The Perfect Story: Defying One of Journalism’s Golden Rules
There were a few rules we were taught at journalism school that were sacrosanct: Stay objective, don’t get too close to those you’re covering and do not become part of the story. Well, our documentary, The Perfect Story, ignores all that.
We didn’t set out to challenge the traditional tenets of journalism. This wasn’t the film we thought we would make. It just ended up being the one we had to.
First, a little background.
Our documentary brings to screen a newspaper story I wrote while I worked as the Toronto Star’s national security correspondent. Since the September 11, 2001, attacks, I had been writing stories at home and around the world about terrorism, civil rights and the ways in which our world had fundamentally changed after 9/11. During a reporting trip in January 2010 to Mogadishu, Somalia, I was introduced to a teenager named Ismael Abdulle.
Ismael told me that al-Shabab, the group that would later join forces with al-Qaeda, had tried to recruit him but he refused, saying he wanted to stay in school. As punishment and a warning to others, they kidnapped him, held him in prison for a month and then took him to a stadium, along with three other young men, and cut off his right hand and left foot. Months later, he escaped their custody and found refuge inside the walls of a government compound, and that’s where I met him. I remember struggling not to cry as I took his photo.
When the story ran in the Star, others were deeply moved by his plight too, and it spread quickly around the world, featured in the New York Times and picked up by other international media. In Toronto, the city’s Somali diaspora rallied around him and started a movement called “Project Ismael.” Sahal Abdulle (no relation), a former Somali-Canadian photojournalist for Reuters and a friend, worked with the group to rescue him from Somalia. At first, Sahal unofficially adopted him in Nairobi where he was living, and then Harstad, Norway, a small city 200 kilometres north of the Arctic Circle, accepted him as a refugee. A year after I met Ismael, I flew with him and Sahal to Harstad in what we thought was a fairy tale ending to a tragic story. Everyone loves a fairy tale.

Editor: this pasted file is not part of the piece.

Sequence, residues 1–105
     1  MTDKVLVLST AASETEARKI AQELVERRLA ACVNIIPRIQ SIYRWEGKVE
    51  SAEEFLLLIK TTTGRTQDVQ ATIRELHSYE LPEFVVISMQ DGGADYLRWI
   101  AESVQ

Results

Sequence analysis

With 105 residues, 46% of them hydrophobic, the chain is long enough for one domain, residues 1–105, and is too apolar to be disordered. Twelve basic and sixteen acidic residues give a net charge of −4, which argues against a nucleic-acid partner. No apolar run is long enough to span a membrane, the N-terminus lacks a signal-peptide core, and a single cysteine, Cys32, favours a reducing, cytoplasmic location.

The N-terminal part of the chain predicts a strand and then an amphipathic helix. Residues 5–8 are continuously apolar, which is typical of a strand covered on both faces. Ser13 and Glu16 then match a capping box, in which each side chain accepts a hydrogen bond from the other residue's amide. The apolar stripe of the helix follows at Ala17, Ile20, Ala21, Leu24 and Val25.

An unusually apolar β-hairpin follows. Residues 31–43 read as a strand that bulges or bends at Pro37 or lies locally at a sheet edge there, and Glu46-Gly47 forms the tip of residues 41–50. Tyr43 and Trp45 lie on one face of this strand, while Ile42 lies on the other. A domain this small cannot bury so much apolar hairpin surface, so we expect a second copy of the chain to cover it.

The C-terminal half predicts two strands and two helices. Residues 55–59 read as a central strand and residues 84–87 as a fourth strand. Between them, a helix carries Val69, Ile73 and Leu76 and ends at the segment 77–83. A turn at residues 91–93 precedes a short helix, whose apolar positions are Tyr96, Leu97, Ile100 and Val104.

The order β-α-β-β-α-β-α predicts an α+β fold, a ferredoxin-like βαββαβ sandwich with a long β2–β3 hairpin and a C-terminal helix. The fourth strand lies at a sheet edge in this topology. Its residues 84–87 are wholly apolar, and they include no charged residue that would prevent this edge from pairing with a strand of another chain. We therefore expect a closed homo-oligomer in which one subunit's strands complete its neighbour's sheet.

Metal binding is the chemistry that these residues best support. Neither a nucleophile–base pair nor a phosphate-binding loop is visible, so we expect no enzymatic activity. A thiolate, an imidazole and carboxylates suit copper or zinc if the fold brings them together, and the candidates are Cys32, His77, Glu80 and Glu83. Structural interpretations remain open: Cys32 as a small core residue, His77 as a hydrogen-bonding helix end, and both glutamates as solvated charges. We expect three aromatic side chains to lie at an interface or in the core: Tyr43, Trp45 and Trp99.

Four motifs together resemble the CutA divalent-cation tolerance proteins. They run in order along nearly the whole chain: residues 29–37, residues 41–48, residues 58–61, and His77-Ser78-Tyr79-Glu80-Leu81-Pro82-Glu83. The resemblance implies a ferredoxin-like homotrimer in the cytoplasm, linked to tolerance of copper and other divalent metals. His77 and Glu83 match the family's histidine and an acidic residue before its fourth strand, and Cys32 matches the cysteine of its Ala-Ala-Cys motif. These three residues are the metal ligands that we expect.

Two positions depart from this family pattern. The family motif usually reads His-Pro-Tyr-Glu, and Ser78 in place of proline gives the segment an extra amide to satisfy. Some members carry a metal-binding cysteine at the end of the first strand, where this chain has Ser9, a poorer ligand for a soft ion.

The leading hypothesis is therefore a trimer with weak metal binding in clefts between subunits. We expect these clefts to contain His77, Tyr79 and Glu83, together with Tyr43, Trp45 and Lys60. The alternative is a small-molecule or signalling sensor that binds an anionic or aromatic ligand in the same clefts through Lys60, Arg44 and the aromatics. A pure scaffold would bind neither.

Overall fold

Fast forward nearly a decade later, as we’re making a documentary about his story and taking him back to Mogadishu for the first time to visit his family. About halfway through our filming, Ismael’s demeanour started to change dramatically, and he said he needed to tell me something important that would alter the documentary—and so much more.
In a fraught scene in the film, Ismael reveals his truth. He tells me that when we first met in 2010, he had lied. al-Shabab hadn’t tried to recruit him—he had been a thief in the market and one day, a couple of the group’s members asked him for his pistol. He turned it over and they pointed it at him, saying he must be punished. He also hadn’t escaped their custody after they had maimed him; rather, they had returned him home after his “sentence.” Of course, the most important aspects of what happened to him were true. He was a teenager who had his hand and foot cut off by a barbaric group that ruled by terror.
But this revelation is what the film became about: a contemplation on the stories we tell, who gets to tell them, and why. It felt disingenuous not to turn the camera on myself too, because as Ismael says to me, “You were part of it also.” And I was. Was I looking for “the perfect story,” and was Ismael just telling me what he thought the public needed to hear to have sympathy for him?
It’s an uncomfortable film with an untidy ending, and one that poses more questions than it answers. And in part, that’s the intention. Because it’s a film that we hope will spark debate and further discussion.
Since the release of our film and a companion essay I wrote for the Star, I have been inundated with messages from colleagues who say they can’t stop thinking about Ismael and the film. It’s made us all contemplate our responsibilities as journalists and ponder the saying that CBC’s Duncan McCue made famous in reflecting on how Indigenous stories have been traditionally told with a colonial lens: be a storyteller, not a story taker.
But how, as journalists, do we do that with the utmost duty of care for those who we cover, and for the truth? And what are our expectations as a public that consumes this media?
In an era that some have dubbed a “post-truth” world, and at a time when journalism is slandered by cries of “fake media,” I hope a film like The Perfect Story can help us try to figure these questions out.
Watch The Perfect Story: